Slaying the dragon of net zero emissions

April 28, 2022
Used with permission from Alan Moir,

Queensland Nationals Senator Matt Canavan, a member of a party historically hostile to cutting fossil fuel emissions, has been, for the most part, at home. This was until his colleagues hammered out an understanding with their Liberal counterparts about a net zero emissions target by 2050.

This was only reached after much fuss prior to Prime Minister Scott Morrison’s attendance at the Glasgow climate change conference last year (COP26). Canavan was having none of it and expressed delight that, eventually, countries had agreed to “phase down” rather than “phase out” coal burning.

The COP26 communique was, according to Canavan, a “green light” for Australia to keep digging and “supply the world with more coal because that’s what brings people out of poverty”. There had “never been a higher demand” for coal, he said and Australia’s fossil fuel industry would be happy to feed it.

With a federal election campaign in full swing, Canavan has again attempted to slay the net zero emissions dragon, taking his lead from Colin Boyce, the Liberal National Party candidate for the seat of Flynn. Boyce suggested that the Coalition’s commitment to net zero allowed for some “wiggle room”.

On the ABC’s Afternoon Briefing on April 27, Canavan went one further in roundly proclaiming that “net zero is … dead.” He went on: “[British Prime Minister] Boris Johnson said he is pausing the net zero commitment, Germany is building coal and gas infrastructure, Italy’s reopening coal-fired power plants. It’s all over. It’s all over bar the shouting here.”

These remarks in an election campaign were deemed unwelcome by the higher-ups. “That’s his view, it’s no surprise, he’s held it for a long time, it’s been resolved and our policy was set out very clearly,” Morrison said.

Given that farmers have been among hardest hit by climate-change induced extreme weather events, Nationals MP Michelle Landry told Canavan to pull his head in, Nationals MP Darren Chester suggested he had lost not only the argument but a sense of perspective. Former leader Michael McCormack said Canavan’s remarks were “not helpful”.

The Labor Party tried to ride this discordance in the Coalition, but is hampered by its own contradictions: in Dawson, in regional Queensland, Labor is giving preferences to the pro-fossil fuel United Australia Party and Katter’s Australian Party ahead of the Greens, whereas in the seat of Brisbane, it is giving the Greens at number 2.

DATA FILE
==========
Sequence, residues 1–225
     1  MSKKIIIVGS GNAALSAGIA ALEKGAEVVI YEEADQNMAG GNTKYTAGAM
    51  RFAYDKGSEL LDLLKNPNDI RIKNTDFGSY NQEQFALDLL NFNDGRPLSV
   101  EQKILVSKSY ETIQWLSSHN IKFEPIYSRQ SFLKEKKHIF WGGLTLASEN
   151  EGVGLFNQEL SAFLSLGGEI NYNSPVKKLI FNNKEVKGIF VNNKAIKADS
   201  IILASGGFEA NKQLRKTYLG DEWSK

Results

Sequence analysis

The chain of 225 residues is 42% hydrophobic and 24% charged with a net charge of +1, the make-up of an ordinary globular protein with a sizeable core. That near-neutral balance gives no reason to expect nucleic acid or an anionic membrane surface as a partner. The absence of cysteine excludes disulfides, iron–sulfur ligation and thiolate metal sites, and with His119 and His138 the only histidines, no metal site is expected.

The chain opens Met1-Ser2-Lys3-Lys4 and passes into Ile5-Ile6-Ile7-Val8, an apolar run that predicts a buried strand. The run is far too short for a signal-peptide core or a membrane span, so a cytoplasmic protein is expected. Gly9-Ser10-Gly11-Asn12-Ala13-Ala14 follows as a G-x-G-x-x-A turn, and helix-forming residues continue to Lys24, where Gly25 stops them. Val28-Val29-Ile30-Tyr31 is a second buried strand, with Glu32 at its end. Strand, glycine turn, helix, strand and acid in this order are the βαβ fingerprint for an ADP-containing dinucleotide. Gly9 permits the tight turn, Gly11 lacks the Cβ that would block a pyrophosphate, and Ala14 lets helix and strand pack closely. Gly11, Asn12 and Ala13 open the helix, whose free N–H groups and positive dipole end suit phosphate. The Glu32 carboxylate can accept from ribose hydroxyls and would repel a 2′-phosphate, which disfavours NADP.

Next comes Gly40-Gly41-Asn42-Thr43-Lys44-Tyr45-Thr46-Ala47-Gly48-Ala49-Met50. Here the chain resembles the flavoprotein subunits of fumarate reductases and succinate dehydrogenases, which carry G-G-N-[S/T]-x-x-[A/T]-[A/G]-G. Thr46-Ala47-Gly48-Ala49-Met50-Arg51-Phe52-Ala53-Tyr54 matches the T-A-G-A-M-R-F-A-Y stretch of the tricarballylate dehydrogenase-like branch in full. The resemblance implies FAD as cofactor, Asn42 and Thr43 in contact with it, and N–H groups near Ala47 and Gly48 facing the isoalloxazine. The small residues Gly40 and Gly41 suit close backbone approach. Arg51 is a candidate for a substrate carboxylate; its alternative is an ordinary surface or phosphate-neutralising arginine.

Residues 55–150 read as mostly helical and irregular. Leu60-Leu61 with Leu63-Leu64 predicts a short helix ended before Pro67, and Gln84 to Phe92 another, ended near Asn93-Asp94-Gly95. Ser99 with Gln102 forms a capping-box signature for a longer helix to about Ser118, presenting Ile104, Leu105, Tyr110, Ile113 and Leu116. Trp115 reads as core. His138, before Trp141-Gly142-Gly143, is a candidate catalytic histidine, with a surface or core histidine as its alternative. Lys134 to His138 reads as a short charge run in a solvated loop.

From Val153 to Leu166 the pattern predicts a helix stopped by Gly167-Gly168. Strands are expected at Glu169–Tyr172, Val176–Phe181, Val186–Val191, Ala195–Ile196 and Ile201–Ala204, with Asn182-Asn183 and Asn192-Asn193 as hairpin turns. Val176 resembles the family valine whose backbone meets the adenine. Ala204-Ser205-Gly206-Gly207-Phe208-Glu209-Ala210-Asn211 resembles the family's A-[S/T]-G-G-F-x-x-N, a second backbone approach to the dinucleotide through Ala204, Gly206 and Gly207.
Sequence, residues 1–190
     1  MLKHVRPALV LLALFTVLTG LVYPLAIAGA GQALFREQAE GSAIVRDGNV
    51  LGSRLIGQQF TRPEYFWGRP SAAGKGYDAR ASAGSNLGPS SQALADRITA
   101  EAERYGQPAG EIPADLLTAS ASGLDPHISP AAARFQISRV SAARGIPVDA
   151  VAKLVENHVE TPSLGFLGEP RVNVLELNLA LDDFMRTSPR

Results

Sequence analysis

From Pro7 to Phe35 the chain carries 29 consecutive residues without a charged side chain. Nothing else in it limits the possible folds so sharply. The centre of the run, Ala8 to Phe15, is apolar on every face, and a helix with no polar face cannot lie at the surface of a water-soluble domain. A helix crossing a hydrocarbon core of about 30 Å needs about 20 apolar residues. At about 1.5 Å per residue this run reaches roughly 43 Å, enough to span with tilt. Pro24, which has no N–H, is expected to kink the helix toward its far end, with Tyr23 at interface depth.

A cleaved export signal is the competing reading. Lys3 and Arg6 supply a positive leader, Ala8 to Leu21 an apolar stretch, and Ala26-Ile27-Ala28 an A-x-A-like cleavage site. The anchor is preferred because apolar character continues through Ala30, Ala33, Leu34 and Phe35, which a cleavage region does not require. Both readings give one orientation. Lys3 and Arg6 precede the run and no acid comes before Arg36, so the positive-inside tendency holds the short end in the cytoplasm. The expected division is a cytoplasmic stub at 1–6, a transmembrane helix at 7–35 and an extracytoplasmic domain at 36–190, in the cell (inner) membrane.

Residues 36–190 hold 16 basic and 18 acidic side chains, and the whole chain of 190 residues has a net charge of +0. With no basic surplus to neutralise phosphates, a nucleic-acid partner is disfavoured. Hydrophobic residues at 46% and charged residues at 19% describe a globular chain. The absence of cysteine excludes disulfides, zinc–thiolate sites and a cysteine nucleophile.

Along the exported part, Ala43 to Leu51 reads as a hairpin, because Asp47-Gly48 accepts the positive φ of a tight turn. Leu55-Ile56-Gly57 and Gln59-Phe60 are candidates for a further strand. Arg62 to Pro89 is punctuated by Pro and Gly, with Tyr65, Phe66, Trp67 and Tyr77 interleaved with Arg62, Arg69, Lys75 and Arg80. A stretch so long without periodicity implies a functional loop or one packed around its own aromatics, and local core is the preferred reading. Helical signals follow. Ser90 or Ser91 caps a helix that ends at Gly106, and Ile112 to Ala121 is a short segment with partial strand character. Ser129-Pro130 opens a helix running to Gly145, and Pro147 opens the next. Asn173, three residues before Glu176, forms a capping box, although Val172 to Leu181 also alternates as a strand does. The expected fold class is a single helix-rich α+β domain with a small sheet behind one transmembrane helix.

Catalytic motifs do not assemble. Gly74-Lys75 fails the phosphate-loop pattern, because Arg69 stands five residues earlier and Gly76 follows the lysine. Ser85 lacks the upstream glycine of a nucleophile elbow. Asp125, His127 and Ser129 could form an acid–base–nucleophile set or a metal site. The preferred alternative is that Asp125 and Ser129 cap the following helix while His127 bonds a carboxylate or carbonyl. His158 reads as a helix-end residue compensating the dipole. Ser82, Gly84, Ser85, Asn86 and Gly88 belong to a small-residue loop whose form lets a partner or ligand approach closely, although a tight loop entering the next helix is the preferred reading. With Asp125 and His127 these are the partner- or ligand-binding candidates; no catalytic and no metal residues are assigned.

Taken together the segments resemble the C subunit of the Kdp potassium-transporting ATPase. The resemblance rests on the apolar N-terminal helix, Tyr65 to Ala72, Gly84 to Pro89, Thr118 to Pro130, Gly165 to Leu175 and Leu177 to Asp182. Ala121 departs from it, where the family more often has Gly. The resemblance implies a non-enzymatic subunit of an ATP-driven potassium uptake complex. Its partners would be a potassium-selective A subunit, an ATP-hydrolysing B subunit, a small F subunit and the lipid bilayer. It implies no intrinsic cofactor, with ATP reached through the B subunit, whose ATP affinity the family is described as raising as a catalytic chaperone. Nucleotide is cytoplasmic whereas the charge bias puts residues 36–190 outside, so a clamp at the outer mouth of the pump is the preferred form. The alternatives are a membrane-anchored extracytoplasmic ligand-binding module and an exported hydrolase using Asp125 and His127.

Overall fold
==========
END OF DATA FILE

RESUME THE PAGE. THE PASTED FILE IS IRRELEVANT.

Last year, Canavan, a former Minister for Resources and Northern Australia, tweeted photos of snow-filled scenes in regional New South Wales, mocking the science of global warming. He has described one of the Intergovernmental Panel on Climate Change report as “fear porn”, saying, “One of the IPCC authors was quoted as saying he hoped this report would scare people so it would help change their vote”.

The Senator champions the fossil fuel corporations, saying they should be cushioned from the predatory behaviour of banks which refuse to fork out finances for new mines. “Global banks that want to control who has a job in Australia should be locked out of our country.”

Canavan told an ABC Q&A program in 2020 that “Australian people have never voted for net zero emissions … We seem to try and get bullied into these positions that the Australian people didn’t vote for.”

He attacked the Paris climate agreement for “transferring industrial wealth from the west and from Australia to China, a country that’s bullying and threatening us.” The fact that Australia is happy to supply China with raw materials, notably iron ore, seems to have passed him by.

Unfortunately, Canavan is bound to win a fair share of votes. This comes down to a range of factors, not least that Labor is not campaigning for a job-rich transition plan to renewables, leaving those worried about their jobs in the fossil fuel industries to the mercy of the Coalition, the UAP and the Katters.

[Dr Binoy Kampmark lectures at RMIT University.]

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